Source 5 : ‘An enquiry into the authenticity of the poems ascribed to Ossian’ by William Shaw, 1781
Printed book (NLS shelfmark: Oss.208)
William Shaw was a Gaelic grammarian and compiler of dictionaries. His ‘Galic and English Dictionary’ was published in 1780.
Like his fellow lexicographer Samuel Johnson, Shaw was sceptical about the authenticity of the Ossian poems. His book, ‘An enquiry into the authenticity of the poems ascribed to Ossian’, provoked an angry response from one of James Macpherson’s friends and supporters, John Clark of Penicuik. However, Shaw maintained his position by issuing his ‘Reply to Mr Clark’s Answer’ in 1782.
“Another circumstance,” says the Doctor, “is the absence of religious ideas” – Ossian has a mythology. The author knew that was necessary to constitute an epic poem; and genuine history instructing him when the Christian religion was introduced into Ireland and Scotland, it was natural to suppose he would, as much as possible, avoid any allusions to it. In this, however, he has oftener than once failed; for in Temora we find the Christian expressions, “peace to thy soul,” “blest be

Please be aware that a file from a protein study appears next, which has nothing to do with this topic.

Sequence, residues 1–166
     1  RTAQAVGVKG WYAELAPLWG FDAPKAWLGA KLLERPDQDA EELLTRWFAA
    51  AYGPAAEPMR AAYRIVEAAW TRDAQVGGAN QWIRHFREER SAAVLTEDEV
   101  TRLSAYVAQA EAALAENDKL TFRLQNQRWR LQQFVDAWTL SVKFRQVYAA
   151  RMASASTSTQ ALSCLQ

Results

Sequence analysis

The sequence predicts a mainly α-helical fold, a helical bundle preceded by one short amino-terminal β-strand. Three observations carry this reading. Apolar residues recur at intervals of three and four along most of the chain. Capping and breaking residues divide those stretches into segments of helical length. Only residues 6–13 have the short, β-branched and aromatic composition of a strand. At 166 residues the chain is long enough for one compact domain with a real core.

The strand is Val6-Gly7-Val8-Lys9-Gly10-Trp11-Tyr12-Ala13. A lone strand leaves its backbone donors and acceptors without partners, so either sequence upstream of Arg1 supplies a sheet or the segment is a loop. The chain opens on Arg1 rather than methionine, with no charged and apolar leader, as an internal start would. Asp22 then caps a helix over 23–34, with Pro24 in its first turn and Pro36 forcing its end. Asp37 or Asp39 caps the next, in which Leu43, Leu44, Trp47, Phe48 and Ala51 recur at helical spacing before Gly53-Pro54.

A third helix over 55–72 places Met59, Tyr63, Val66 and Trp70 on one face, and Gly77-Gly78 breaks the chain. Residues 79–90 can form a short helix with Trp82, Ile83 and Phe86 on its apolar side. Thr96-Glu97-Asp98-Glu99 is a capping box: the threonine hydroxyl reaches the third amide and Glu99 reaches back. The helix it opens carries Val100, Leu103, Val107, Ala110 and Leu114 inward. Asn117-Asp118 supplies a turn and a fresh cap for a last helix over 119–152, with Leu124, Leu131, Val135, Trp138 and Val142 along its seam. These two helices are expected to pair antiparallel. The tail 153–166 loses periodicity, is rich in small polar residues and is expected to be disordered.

“thy soul.” But the religion of that aera was not what Mr. Macpherson tells us. – His mythology he has raised entirely on the superstition of the second sight, heightened by poetry, and the stories of ghosts, apparitions, &c. so common in the fifteenth century, which he affects so much to despise; but to which, however, he is indebted for all the materials he has had.
The other great spirits to which allusions sometimes are made, is
nothing less nor more than the common Highland idea of the Devil, who is believed to raise every storm, and go abroad with it. All these notions are still prevalent in the mountains, and a proper part of a mythology. In short, the whole machinery is nothing but the superstition of the Highlands poetically embellished.
- What does Shaw think is the main reason for the success of the Ossian poems?
- In source 1, Hugh Blair provides an argument for the authenticity of the Ossian poems. William Shaw challenges this argument. Outline the main points of Shaw’s counter argument.